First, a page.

1. THE LEASE TO THE DUBLIN BREWERY WAS INTENDED TO LAST 9000 YEARS.

In 1759, founder Arthur Guinness signed a lease for a four-acre property at St. James’s Gate in Dublin. The lease required a down payment of £100, an annual rent of £45, and a term of 9000 years (not a typo). Such lengthy leases were relatively common back then: “At the time in Ireland, there was a lot of instability to do with land tenure,” explains Fergus Brady, Archives Manager at Guinness. Centuries earlier, the British had begun confiscating land from native Irish in an effort to build plantations, and extra-long leases were a means of avoiding this fate. As Brady explains, “You see these really long leases: 99-year or 999-year leases. It seemed to be a legal custom at the time that they used the number nine.”

2. ARTHUR GUINNESS WAS NOT AFRAID TO DEFEND HIS PROPERTY WITH A PICKAXE.

In 1775, the Dublin Corporation—that is, the city government—demanded that Arthur Guinness pay for the spring water flowing to his brewery. When Guinness argued that he was already paying for water rights through his 9000-year rental agreement, the Dublin Corporation sent a sheriff and a committee to his brewery to cut off the water supply. Guinness was livid. He seized a pickaxe and unleashed a torrent of obscenities so colorful that the Dublin Corporation’s goons eventually retreated.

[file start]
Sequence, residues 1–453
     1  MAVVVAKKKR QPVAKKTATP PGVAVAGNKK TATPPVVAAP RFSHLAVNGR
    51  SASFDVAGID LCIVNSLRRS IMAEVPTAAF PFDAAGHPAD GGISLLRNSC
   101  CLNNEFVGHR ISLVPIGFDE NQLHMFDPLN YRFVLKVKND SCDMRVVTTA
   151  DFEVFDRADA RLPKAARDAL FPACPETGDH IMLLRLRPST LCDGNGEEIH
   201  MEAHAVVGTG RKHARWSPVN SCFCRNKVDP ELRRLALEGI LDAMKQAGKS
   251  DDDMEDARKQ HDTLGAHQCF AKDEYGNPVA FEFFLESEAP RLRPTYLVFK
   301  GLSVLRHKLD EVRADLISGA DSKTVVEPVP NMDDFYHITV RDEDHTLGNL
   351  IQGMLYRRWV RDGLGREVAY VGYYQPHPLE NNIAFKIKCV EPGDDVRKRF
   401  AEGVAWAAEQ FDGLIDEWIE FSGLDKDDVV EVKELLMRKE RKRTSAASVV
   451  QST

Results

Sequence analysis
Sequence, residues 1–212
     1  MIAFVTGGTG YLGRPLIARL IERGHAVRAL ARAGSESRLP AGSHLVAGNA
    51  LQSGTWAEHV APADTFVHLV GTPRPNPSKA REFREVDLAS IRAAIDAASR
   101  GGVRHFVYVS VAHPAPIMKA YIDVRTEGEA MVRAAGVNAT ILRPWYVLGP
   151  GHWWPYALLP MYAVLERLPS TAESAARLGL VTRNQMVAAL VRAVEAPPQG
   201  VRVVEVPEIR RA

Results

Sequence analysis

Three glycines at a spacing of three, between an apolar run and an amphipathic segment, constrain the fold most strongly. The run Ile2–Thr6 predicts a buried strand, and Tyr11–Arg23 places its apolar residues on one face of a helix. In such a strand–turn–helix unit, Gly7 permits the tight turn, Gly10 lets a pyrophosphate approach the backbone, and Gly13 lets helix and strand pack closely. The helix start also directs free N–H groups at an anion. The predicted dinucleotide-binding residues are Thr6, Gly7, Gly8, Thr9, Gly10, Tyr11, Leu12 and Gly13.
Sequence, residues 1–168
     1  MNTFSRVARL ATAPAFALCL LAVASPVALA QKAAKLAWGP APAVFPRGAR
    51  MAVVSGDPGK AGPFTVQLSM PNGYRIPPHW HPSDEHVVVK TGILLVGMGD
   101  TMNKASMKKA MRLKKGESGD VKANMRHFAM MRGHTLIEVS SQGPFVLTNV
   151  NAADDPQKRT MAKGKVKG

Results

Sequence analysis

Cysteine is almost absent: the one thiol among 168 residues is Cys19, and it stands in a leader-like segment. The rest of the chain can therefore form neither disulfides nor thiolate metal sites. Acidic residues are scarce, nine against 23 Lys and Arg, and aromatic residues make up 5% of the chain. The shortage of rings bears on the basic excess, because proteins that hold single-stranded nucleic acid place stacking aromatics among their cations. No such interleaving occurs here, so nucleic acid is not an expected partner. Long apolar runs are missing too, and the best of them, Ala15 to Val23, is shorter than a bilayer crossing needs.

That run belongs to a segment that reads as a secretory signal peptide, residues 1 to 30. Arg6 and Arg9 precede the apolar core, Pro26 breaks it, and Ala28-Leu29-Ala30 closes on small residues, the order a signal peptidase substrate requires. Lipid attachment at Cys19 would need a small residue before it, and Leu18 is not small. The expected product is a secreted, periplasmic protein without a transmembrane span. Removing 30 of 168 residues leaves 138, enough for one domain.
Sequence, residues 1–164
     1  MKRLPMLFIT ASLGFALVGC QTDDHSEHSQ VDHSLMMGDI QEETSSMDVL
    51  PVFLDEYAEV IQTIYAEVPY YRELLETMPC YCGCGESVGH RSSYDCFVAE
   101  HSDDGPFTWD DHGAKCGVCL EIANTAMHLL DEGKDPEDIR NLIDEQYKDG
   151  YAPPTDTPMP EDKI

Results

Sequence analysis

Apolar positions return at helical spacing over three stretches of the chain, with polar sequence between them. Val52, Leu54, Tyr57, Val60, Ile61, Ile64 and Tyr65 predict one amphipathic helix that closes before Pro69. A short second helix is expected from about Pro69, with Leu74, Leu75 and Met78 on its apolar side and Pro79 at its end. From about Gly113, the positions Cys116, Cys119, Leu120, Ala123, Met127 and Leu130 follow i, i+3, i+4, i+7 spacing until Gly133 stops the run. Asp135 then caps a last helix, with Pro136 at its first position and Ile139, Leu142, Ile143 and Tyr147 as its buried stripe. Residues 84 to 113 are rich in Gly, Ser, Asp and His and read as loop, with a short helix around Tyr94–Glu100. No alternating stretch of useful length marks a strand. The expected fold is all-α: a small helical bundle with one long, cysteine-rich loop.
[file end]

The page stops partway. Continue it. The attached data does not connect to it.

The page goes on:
3. GUINNESS ONCE DEPLOYED FIELD AGENTS TO CATCH COUNTERFEITERS.

Guinness Apology
Guinness Archive, Diageo Ireland

In the 19th century, there was no such thing as brand consistency. Guinness did not bottle its own beer; instead, it shipped the suds in wooden casks to publicans who supplied their own bottles and applied their own personalized labels. Occasionally, these publicans sold fake or adulterated Guinness. To prevent such sales, the company sent special agents called “travellers” into the field to collect beer samples, which it tested in a laboratory. “If a publican was found to be serving adulterated or counterfeit Guinness, they had to give a public apology in their local newspaper—and even the national newspapers,” archivist Jessica Handy says.

4. FOR 21 YEARS, THE COMPANY HIRED A GUY TO TRAVEL THE WORLD AND DRINK BEER.

In 1899, Guinness hired an American ex-brewer named Arthur T. Shand to be a “Guinness World Traveller.” It was arguably the coolest job in the world. For 21 years, Shand traveled the world taste-testing beer. According to Brady, “His job was to travel the world and taste Guinness, say whether it was good or bad, who our bottlers in the market were, who our major competition was, what kind of people were drinking our product.” Shand traveled to Australia and New Zealand, to Southeast Asia and Egypt. “He was sort of a Guinness sommelier,” Brady says.

5. THE COMPANY'S HARP LOGO CAUSED TROUBLE WITH THE IRISH GOVERNMENT.

The Celtic harp—based on the 14th century “Brian Boru Harp” preserved at Trinity College—became a trademarked Guinness logo in 1876. Forty-five years later, when Ireland gained independence from England, the Irish Free State decided to use the same Celtic harp as its official state emblem. This became awkward. Guinness owned the trademark, and the Irish government was forced to search for a workaround. You can find their solution on an Irish Euro coin. Look at the coin, and you’ll notice that the harp’s straight edge faces the right; meanwhile, the harp on a glass of Guinness shows the straight edge facing left [PDF].